Triangle loom notched neckline shawl (c)

And have been designing and weaving all manner of motifs on the Thumbelina, heart, dragonfly and 2 inch Wiz looms, to stitch to it:

Garden Shawl  1 (c)

I really don’t like gardening anymore, and would much rather be weaving…

Garden Shawl  1 B(c)

So, I have created a garden on a shawl…

Garden Shawl  1 C(c)

To wrap myself in Garden pleasures all year round.

Garden Shawl  1 D (c)

That’s a dragonfly shawl pin that I made.

All the links to the videos to weave all the motifs are here on my blog and on my youtube channel,

so if you would like to weave yourself a fantasy garden, too, you can!

Just click on the Thumbelina category and follow those, or simply click on the back arrow, and you can scroll backwards to find all the tutorials.

Here’s a video slide show of the shawl:

The looms are all built by Dewberry Ridge Looms LINK

 

I am now moving deeply into a commissioned tapestry, so I won’t be here quite as often as I have been in the last few weeks, but I will be back!

Blessings until then!

Happy Weaving!

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Triangle Loom – Weaving on the Bias and Working an Opening at the Neck

This video tutorial shows 2 techniques that I have figured out for weaving on the triangle loom.

Triangle loom notched neckline shawl (c)

The first technique is a way of weaving bias on the tri loom, based on how I weave on potholder looms.

I really like this technique because of all the creative potential it offers.

I’ll be posting more videos about it, showing more of the things that can be done with it.

The second technique shows how to weave a shaped neckline on the triangle loom.

Weaving a notched opening at the neck makes the shawl fit much better, and gives a lovely turned collar.

I am covering this shawl with appliqued motifs that I have woven on my Thumbelina loom to create an homage to Gardens.

I will post a video of the Garden Shawl when it’s done.
NOTE: Sorry about the sound going all muffled at times…. I was wrestling with the camera while weaving, so please just forgive me and don’t bother posting complaints about the bad sound unless you are sending money to buy better equipment. I’ll do better next time.

By the way, I have the loom set up to the 7 foot configuration for this shawl.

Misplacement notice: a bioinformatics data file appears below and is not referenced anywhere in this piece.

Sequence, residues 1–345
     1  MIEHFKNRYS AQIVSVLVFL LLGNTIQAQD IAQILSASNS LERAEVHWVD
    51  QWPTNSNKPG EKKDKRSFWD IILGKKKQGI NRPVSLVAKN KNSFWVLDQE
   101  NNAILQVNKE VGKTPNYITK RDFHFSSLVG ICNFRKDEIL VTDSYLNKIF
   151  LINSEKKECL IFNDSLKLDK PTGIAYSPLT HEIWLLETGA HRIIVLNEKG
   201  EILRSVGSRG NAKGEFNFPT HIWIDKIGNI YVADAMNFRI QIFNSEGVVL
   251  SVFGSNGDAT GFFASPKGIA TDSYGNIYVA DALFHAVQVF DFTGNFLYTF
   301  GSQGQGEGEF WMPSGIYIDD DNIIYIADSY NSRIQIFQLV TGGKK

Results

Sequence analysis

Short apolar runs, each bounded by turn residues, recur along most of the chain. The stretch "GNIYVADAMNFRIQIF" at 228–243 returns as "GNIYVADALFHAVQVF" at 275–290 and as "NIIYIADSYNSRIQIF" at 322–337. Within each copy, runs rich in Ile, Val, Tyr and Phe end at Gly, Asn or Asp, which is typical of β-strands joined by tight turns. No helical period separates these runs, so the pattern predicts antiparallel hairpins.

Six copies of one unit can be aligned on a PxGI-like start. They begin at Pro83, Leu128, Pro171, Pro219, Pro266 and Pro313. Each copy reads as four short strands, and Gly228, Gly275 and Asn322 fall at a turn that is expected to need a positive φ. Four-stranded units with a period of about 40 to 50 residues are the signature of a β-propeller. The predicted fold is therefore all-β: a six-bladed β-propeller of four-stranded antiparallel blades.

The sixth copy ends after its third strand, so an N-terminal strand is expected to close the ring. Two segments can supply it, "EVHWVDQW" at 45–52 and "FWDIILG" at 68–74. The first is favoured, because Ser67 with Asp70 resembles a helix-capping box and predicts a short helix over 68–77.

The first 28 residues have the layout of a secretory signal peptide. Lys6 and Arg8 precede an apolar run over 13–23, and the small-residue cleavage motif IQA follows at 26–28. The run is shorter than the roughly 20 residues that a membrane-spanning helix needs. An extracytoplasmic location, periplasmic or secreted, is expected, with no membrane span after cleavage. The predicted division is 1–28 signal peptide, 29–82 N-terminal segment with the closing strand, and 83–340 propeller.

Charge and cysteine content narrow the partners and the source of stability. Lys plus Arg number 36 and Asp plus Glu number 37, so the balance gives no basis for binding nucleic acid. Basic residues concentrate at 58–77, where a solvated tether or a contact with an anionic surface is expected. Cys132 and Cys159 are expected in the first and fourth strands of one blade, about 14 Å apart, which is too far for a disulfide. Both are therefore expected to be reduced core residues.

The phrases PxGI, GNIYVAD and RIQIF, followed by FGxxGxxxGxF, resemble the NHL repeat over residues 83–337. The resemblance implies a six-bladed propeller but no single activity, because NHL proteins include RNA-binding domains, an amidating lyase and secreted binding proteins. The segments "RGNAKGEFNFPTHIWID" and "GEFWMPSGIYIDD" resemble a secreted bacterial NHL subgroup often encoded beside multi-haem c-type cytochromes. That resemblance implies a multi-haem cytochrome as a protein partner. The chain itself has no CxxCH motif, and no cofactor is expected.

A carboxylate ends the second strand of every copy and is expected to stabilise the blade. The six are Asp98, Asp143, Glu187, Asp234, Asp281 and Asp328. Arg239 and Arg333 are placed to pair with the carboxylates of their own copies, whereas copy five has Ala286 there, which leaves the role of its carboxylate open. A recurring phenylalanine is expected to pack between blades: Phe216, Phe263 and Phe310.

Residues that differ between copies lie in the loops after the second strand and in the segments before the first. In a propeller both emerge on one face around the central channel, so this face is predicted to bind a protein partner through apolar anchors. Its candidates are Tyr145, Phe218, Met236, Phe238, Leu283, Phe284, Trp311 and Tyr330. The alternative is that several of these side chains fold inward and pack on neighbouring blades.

The loom and stand are from: https://www.dewberryridge.com/collections/triangle-looms

It’s a joy to weave with!

Happy, happy weaving!

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Prayer Shawl Woven on the Triangle Loom

My dearest friend is going through some health issues, and so I have woven her a prayer shawl.

I wove it on my Dewberry Ridge triangle loom:

copyright Noreen Crone-Findlay http://www.tottietalkscrafts.com

I like to work with the loom pointed up- it feels most stable that way on the easel, and I like having the widest edge being the foundation of the weaving.

copyright Noreen Crone-Findlay http://www.tottietalkscrafts.com

I use a shed stick to do the weaving and then scoop the weft yarn through with a crochet hook.

copyright Noreen Crone-Findlay http://www.tottietalkscrafts.com

I brought in sunflower leaves and large tree leaves, then made rubbings of them on paper with crayon.

I cut them out and pinned them to the triangle:

copyright Noreen Crone-Findlay http://www.tottietalkscrafts.com

Then I used the Tambour technique (see LINK for video tutorial) to work the leaves onto the triangle.

copyright Noreen Crone-Findlay http://www.tottietalkscrafts.com

I wove dragonflies on my Dragonfly Loom (LINK) and stitched them on, as she loves dragonflies.

Dragonflies are such a powerful symbol of renewal that they are perfect on a prayer shawl.

I used the 4 foot configuration, and wove and embellished 2 triangles.

copyright Noreen Crone-Findlay http://www.tottietalkscrafts.com

I did the tambour crochet and appliqueing of the dragonflies while each triangle was still on the loom.

Then, I stitched the 2 triangles together, leaving a few inches open at the back of the neck to form a collar:

copyright Noreen Crone-Findlay www.tottietalkscrafts.com

copyright Noreen Crone-Findlay http://www.tottietalkscrafts.com

The leaves are handspun wool spun by my daughter-in-love, Alliston Findlay.